Three of the main selling points of Obamacare were more affordable premiums, better coverage and pre-existing conditions would now be covered.
Even before the Affordable Care Act went into effect, healthcare costs started increasing. I personally know of one employer who was told that their existing healthcare plan would increase by 41% and that was the year prior to Obamacare.
I know of another person whose employer provided healthcare coverage cost them more and their coverage was for less than previously. They were told that in order to keep the amount of coverage they had before that it would cost everyone too much.
So it was no real surprise to me when I read that the nonprofit group Commonwealth Fund found that employees are paying more for less coverage under Obamacare. They stated that healthcare insurance premiums amounted to 5.3% of the median income for the average family with members under the age of 65. In 2010, when Obamacare was passed, healthcare insurance premiums increased to 8.4% of the median family income. In 2013, under the first real year of Obamacare, the cost increased to 9.6% of the median income for an American family.
Not only did they discover that employees are paying more for their employer provided healthcare, but they are getting less for their money than previously. One of the authors of the report stated:
“Workers are paying more but getting less protective benefits. Although the Affordable Care Act offers a platform from which to build, securing a more affordable future will likely require action beyond those reforms, focusing on costs of care, particularly for the privately insured.”
The report also went on to say that employee’s wages have been fairly stagnant meaning that the increased costs for less are taking an ever greater toll on them financially.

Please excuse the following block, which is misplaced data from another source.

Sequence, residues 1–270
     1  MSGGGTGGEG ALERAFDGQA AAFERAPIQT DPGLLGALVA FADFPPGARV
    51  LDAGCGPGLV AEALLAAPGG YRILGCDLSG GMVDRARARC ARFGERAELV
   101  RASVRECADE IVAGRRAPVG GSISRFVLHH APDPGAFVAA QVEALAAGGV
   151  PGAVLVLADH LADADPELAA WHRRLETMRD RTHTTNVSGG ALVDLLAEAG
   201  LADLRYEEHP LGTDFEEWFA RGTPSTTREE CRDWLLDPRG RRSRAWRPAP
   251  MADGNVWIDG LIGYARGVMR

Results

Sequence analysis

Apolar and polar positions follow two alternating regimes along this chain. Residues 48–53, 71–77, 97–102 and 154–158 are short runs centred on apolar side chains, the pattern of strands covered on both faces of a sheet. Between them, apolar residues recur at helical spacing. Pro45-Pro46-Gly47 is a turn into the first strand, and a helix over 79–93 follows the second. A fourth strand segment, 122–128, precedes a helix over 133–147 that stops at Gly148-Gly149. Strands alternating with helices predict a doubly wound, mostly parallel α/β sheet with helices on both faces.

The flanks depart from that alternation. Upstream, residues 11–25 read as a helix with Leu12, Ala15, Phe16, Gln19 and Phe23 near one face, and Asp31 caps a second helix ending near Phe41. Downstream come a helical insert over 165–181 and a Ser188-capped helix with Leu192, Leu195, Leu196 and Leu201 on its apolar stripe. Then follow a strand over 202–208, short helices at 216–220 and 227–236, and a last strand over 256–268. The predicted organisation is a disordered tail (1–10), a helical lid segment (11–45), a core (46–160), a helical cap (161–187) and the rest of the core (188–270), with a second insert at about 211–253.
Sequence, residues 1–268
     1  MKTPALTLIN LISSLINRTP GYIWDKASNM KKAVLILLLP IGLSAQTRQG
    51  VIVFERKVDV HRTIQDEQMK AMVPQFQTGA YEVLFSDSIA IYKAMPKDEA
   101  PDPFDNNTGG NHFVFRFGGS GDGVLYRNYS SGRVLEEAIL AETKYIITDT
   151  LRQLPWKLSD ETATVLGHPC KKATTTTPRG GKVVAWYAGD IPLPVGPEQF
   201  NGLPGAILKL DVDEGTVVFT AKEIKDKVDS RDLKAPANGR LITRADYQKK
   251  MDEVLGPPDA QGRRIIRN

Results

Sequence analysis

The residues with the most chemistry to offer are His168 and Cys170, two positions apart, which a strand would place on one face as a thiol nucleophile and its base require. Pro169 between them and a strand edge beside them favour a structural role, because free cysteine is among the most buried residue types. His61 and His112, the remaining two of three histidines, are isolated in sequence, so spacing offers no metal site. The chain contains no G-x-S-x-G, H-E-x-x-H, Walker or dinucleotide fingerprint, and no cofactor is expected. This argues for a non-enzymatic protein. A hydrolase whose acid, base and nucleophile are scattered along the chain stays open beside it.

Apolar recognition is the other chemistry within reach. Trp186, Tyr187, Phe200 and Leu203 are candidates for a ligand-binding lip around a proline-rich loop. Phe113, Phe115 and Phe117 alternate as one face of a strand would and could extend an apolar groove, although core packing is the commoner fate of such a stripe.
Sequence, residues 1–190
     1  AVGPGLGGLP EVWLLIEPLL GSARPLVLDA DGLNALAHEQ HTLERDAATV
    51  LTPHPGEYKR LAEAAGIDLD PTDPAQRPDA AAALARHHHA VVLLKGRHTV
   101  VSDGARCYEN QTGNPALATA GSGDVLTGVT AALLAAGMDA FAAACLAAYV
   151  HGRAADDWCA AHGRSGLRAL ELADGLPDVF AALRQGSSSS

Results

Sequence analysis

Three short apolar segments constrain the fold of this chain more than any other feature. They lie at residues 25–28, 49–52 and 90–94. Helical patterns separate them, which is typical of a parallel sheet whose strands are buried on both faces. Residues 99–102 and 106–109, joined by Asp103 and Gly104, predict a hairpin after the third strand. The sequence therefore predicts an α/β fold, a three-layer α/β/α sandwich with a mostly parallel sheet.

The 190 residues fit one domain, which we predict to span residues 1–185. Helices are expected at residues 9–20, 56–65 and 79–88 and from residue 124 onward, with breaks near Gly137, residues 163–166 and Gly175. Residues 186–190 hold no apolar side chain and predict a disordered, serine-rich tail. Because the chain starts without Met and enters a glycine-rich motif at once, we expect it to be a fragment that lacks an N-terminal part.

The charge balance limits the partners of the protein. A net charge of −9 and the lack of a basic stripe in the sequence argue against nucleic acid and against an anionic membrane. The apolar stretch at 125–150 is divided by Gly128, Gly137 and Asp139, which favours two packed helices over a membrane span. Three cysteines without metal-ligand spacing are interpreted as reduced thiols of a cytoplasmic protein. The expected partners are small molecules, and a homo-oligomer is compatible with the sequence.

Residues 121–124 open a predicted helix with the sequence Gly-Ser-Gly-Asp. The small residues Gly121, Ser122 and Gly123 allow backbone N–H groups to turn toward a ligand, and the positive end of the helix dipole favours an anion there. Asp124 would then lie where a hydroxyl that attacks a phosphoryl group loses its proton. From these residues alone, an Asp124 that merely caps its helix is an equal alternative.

Another aspect of the report said that the increase in costs of healthcare premiums has slowed down in the past couple of years, but they also attribute some of that slowdown to the overall economic slowdown. As the economy slowed, the demand for healthcare services also slowed.
Part of the slowdown in increasing costs is due to some of the measures taken by many employers. A number of employers increased the deductible amounts that employees have to pay in order to keep their costs from going to too high.
There was one aspect that could affect the average increases in healthcare premiums for employees that the report did not mention. Many employers have reduced their costs by dropping employees from 40 hours per week to less than 30 hours. By reducing employees’ paychecks by 25% or more, employers no longer had to provide expensive healthcare benefits for those employees thus preventing any employee cost increases.
The bottom line from the Commonwealth Fund report and others that have been conducted lately is that employees are paying more for less as a direct result of Obamacare. I don’t call this progress unless you own stock in the insurance companies.